The samples were observed using a Quanta 250™ SEM scanning electron microscope (ThermoFisher, Waltham, , USA) at 1000× magnification.

Contact angle

Three randomly selected specimens from each group had their surfaces evaluated according to the degree of hydrophobicity. The degree of hydrophobicity (ΔGsws) and surface energy were evaluated using the approach of Van Oss et al.,1919. Van Oss CJ, Ju L, Chaudhury MK, Good RJ. Estimation of the polar parameters of the surface tension of liquids by contact angle measurements on gels. J Colloid Interface Sci. 1989;128(2):313-9. https://doi.org/10.1016/0021-9797(89)90345-7.
https://doi.org/10.1016/0021-9797(89)903...
in which drops of a standardized liquid (water, glycerol, or bromonaphthalene) are placed on the resin surface. The drop generates a surface tension on the resin, and this results in a variable angle of the drop itself, according to surface hydrophobicity. The average angulation of each liquid was analyzed, and the surface energy was calculated. This angle was measured with an optical tensiometer (model OCA 15 PLUS, DATAPHYSICS) equipped with image analysis software (Attension Theta).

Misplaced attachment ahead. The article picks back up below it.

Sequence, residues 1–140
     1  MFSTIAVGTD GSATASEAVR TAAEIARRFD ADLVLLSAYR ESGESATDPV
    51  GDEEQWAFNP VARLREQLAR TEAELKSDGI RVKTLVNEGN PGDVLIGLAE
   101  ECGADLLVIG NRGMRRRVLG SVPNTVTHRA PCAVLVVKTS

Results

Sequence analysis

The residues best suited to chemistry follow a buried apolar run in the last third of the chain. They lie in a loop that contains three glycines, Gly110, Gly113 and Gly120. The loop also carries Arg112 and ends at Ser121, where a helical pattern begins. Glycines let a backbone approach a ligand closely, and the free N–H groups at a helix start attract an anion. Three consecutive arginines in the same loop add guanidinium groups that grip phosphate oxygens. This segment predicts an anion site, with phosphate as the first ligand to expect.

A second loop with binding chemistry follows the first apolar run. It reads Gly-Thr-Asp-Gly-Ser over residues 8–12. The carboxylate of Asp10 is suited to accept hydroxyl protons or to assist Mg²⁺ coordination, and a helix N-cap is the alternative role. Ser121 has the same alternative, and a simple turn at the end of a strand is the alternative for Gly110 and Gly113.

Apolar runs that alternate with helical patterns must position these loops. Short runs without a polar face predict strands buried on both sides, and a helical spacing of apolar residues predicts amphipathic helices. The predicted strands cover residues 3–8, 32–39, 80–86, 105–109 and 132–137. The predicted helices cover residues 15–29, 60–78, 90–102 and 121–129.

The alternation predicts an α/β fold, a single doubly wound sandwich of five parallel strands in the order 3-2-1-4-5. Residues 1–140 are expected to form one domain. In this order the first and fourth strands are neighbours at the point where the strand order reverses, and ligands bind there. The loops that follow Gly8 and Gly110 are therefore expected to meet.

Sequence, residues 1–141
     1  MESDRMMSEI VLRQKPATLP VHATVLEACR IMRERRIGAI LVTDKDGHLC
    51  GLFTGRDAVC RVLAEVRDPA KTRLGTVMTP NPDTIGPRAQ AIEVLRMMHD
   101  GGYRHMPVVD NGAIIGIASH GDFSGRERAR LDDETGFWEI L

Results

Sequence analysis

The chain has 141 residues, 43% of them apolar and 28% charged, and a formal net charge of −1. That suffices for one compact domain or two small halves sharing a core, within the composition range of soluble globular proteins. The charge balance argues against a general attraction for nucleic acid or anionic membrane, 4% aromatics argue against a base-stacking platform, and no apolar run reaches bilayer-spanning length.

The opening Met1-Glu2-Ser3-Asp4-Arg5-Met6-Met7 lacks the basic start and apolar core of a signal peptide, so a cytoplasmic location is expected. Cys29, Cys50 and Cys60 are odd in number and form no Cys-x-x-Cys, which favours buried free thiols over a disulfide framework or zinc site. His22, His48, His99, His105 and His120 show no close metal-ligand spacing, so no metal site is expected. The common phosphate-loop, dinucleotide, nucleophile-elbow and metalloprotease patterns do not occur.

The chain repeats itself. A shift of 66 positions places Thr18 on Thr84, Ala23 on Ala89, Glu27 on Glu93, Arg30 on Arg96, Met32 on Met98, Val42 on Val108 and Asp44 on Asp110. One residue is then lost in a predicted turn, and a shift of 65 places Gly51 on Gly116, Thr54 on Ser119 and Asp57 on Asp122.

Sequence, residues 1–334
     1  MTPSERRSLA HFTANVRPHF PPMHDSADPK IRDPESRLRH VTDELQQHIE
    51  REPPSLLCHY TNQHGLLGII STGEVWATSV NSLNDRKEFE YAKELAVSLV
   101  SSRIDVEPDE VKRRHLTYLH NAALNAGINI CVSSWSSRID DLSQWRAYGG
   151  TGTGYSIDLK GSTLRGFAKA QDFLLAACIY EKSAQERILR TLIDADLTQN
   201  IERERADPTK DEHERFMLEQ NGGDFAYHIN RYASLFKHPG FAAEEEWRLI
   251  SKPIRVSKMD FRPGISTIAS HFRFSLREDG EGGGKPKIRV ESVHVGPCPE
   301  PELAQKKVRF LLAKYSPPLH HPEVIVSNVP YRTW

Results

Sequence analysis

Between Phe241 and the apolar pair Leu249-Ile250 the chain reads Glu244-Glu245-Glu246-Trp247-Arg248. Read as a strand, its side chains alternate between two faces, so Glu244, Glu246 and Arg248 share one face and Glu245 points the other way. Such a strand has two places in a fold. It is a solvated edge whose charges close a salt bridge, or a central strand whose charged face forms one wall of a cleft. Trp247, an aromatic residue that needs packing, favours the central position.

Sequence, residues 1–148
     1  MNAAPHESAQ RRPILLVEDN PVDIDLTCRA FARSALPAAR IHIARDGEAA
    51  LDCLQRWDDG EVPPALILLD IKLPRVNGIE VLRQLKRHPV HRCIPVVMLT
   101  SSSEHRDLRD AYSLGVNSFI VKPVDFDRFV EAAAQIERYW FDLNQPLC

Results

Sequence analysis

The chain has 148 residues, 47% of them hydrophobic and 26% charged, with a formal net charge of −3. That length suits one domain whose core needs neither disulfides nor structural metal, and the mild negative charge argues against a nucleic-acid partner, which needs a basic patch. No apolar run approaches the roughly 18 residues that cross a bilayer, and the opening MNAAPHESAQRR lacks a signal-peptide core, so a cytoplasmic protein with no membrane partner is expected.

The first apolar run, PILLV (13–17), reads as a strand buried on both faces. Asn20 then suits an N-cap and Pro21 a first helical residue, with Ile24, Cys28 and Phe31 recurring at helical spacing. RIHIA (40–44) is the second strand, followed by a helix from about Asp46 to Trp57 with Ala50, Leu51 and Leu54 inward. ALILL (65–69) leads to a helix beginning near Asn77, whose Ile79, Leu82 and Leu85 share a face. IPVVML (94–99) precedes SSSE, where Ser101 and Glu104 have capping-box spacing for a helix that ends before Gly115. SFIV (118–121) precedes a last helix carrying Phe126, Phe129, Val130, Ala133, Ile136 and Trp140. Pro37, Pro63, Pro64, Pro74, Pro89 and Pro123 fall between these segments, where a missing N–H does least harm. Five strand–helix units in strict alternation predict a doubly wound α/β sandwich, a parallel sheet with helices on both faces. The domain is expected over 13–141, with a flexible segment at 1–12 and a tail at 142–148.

Water contact angles were used as a qualitative indication of surface hydrophobicity, with an angle less than 65° indicating a more hydrophilic surface.2020. Vogler EA. Structure and reactivity of water at biomaterial surfaces. Adv Colloid Interface Sci. 1998 Feb;74(1-3):69-117. https://doi.org/10.1016/S0001-8686(97)00040-7
https://doi.org/10.1016/S0001-8686(97)00...
Each test was performed in triplicate and at least 20 contact angles per sample were measured in each of the three standardized liquids.

In situ exposure